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I'm running Windows 7 and Visual Studio 2008 Pro and trying to get my application to work on Windows XP SP3.

It's a really minimal command line program so should have any ridiculous dependencies:

// XPBuild.cpp : Defines the entry point for the console application.
//

#include "stdafx.h"


int _tmain(int argc, _TCHAR* argv[])
{
    printf("Hello world");
    getchar();
    return 0;
}

I read somewhere that defining several constants such as WINVER should allow me to compile for other platforms. I've tried the added the following to my /D compiler options:

;WINVER=0x0501;_WIN32_WINNT 0x0501;NTDDI_VERSION=NTDDI_WINXP

But that made no difference. When I run it on my Windows XP machine (actually running in a virtualbox) I get the following error:

This application has failed to start because the application configuration is incorrect. Reinstalling the application may fix this problem.

So what have I missed? Is there something else required to run MSVC compiled programs or a different compiler option or something else?

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For what it's worth, the smallest standard application is int main(){}, if you want to try that out. For something that uses the standard library, maybe: #include <iostream> int main(){std::cout << std::endl;} –  GManNickG Apr 5 '10 at 23:27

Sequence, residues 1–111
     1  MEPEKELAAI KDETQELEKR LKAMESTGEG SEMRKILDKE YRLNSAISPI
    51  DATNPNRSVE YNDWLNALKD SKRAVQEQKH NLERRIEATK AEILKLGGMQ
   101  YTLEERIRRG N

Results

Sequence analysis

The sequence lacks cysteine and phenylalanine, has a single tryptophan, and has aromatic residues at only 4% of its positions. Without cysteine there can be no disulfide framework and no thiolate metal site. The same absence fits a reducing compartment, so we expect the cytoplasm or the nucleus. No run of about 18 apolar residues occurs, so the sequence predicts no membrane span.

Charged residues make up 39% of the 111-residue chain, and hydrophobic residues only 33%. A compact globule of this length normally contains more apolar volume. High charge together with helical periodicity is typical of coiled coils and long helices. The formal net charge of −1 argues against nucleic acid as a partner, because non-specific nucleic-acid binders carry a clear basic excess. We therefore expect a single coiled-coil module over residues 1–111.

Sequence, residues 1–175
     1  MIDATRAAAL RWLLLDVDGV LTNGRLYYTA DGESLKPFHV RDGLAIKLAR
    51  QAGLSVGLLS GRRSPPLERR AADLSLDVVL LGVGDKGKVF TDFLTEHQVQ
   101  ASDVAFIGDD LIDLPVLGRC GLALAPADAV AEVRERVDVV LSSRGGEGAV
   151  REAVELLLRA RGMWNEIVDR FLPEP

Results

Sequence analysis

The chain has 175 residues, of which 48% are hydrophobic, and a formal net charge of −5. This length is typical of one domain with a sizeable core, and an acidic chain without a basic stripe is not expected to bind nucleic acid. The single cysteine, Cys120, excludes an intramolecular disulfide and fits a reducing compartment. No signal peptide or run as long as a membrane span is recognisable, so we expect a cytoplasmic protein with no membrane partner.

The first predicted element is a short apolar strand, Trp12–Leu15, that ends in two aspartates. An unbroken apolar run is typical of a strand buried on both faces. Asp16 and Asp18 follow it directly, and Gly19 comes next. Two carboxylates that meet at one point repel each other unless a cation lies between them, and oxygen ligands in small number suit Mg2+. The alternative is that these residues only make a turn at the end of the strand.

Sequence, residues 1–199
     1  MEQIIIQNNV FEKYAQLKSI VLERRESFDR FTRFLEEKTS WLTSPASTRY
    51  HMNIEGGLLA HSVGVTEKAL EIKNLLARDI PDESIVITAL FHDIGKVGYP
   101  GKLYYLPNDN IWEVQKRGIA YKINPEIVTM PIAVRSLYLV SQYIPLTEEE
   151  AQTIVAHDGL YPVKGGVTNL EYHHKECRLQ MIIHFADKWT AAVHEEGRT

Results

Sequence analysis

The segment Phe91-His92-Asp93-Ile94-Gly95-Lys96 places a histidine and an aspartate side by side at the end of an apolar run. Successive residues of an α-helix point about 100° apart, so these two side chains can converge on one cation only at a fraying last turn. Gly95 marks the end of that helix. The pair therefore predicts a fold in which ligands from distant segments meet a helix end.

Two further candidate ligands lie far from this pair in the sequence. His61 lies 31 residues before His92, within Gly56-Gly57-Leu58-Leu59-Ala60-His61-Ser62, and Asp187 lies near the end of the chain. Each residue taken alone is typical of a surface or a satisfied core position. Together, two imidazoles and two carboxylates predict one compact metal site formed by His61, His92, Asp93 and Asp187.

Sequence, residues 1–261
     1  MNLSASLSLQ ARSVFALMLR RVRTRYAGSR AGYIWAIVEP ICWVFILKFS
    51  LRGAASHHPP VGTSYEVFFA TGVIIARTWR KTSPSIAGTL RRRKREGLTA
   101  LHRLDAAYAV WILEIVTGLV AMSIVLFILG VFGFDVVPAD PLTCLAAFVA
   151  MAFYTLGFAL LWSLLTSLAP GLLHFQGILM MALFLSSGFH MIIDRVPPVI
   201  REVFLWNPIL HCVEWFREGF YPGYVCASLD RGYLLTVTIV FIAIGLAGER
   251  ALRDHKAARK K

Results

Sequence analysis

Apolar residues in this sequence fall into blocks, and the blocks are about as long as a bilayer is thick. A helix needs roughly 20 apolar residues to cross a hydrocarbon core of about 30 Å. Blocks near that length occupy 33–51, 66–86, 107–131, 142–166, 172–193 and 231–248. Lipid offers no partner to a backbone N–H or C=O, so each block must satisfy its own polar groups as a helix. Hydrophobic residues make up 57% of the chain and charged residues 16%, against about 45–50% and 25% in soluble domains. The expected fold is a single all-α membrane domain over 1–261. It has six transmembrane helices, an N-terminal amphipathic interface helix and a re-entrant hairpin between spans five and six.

Yeah, but I wanted something which spat out some output and paused before disappearing. –  Jon Cage Apr 6 '10 at 1:22
    
For what it's worth, the smallest standard application is int main(){return 0;} –  gregschlom Apr 7 '11 at 16:46
    
@gregschlom: The return 0; is optional in C99 and in C++. –  Keith Thompson Sep 18 '11 at 0:31

3 Answers 3

up vote 9 down vote accepted

What you have missed is most likely that VC++ programs require a runtime to be installed (unless you link statically, which is not the default) - the error message you show is exactly the one you get if they're not in order.

Try installing the Microsoft Visual C++ 2008 SP1 Redistributable Pack on the XP machine - you will most likely see that your program works with no changes whatsoever.

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1  
Also, the option to change to a statically linked runtime might work nicely. –  Michael Burr Apr 5 '10 at 23:33
1  
Or, alternatively, compile with static runtime libraries: go to "Project Properties -> C/C++ -> Code Generation -> Runtime Library", and pick the option without "DLL" in the name. –  Pavel Minaev Apr 5 '10 at 23:35
    
Accepted: That's perfect. –  Jon Cage Apr 6 '10 at 0:13

Michael's answer explains why it doesn't work for you, and what you should do about it. With respect to WINVER - they don't change anything about your binary in a sense that it would suddenly start working on XP. What they do is disable function and type declarations in Windows headers files that are not supported on the OS version specified by WINVER. This ensures that you do not accidentally call e.g. some Vista-only function. However, you don't strictly need it - if your code does not rely on any Vista/7-only functionality, you can compile without redefining WINVER, and it'll still work fine on XP.

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Just Set the compiler to use static linking in the project settings (Project -> Properties -> Config Properties -> C/C++ -> Code Generation -> Change "Runtime Library" to /MT or /MTd instead of the default /MD or /MDd)

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